The panelists included names you might know or, certainly, whose work in global education has influenced what you do: Vincent Jansen, director of technology at SouthPointe Academy; Christina Devitt, head of technology at Jakarta Intercultural School; Trace Urdan, who followed the knowledge services market as an equity research analyst for more than 18 years, holding senior research positions at a number of firms including ThinkEquity, Robert W. Baird, Signal Hill Capital Group, Wells Fargo Securities, and most recently as a managing director at Credit Suisse; Pilar Quezzaire, curriculum manager for cross-programmes development at the International Baccalaureate Organization; Jianli Jiao, director of the Future Education Research Center at South China Normal University; Kyle Roe, leader of whole school innovation and computer science at Horizon English School in Dubai; Damian Bebell, director of research at Consilience Learning; Michael Toth, founder, CEO, and chief learning officer at Learning Sciences International; Peter Kraft, co-founder and CEO of Evolution Labs; Caitlin Krause, learning futurist from MindWise; Richard Marchant, secondary headteacher from the New English School in Kuwait; Mickey Freeman, co-founder and president of Education Funding Partners; and Jennifer Abrams, author, international education and communications consultant, and eSchool News columnist.

The panel was diverse and brought several different perspectives to each of the discussions. The topic of building a blueprint for a true global edtech ecosystem is an important one. The proliferation of education technology creates as many challenges as it does opportunities. Going back to management 101 makes a lot of sense here. Remember the five Ps? Proper planning prevents poor performance? If we accept that our children are citizens of the world and technology is a fact of their lives, then creating a blueprint, a standard of utility for education technology globally, becomes an imperative.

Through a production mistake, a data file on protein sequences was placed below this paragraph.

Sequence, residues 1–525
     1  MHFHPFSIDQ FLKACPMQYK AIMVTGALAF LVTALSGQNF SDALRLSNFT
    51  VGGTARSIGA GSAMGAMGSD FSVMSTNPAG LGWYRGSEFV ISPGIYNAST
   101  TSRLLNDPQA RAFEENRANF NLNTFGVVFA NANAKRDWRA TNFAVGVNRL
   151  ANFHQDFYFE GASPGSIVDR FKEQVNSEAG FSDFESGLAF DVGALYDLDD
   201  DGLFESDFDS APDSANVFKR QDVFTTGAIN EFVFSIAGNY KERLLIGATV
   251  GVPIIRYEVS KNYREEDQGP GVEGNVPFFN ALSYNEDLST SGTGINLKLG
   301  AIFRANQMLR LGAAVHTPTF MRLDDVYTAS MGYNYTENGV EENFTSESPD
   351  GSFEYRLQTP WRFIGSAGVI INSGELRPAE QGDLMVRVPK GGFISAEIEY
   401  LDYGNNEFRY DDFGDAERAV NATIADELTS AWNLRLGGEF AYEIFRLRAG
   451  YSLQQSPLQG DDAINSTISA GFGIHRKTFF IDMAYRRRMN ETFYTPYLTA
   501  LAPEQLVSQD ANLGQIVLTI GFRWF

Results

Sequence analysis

To give you an idea of the scale of the discussions and expert participation at FETC this year, these six blueprint panels, which were well attended, made up about one percent of the 600 expert-led learning opportunities. And this is quality stuff. I spent the better part of a day listening to the panel, taking notes, and asking questions. Had this been the only event I attended, it would have been worth the trip to Orlando. But the whole week was equally stimulating. Discussions were real and deep and completely unscripted. It may take me a week just to organize my notes for further study.

The Sir Ken keynote
Another highlight of FETC was the opportunity to see Sir Ken Robinson speak. Sir Ken is a top draw at conferences and events worldwide, and for good reason. He was the keynote speaker at FETC 2018, and he played to a full house. I was told that there were 10,000 people seated to hear Sir Ken’s address–and perhaps a good bit more who were standing. The excitement of being among 10,000 educators was palpable. This was the first time I had seen Robinson in person. I watched his interviews and TED Talks, but seeing Sir Ken speak alongside 10,000 fellow educators was an experience I will carry with me for a very long time. If you haven’t yet seen Sir Ken in person, it should be on your bucket list. He is deeply passionate about education and has the unique ability to connect on a personal level with every member of his audience.

I am a big believer in asking questions. As a journalist, I ask questions and listen. Sometimes, I ask the tough questions. Not because I want to be part of the story, but because I want to know. As educators, I don’t think we ask enough questions. But we should. The questions we do ask are generally around the “how.” But perhaps we need to first ask “why.” That’s what FETC is all about. In this case, the “why” is our children. And their future. And the how? That’s the fun part. Together with 10,000 new friends in Orlando, we just sorted that out.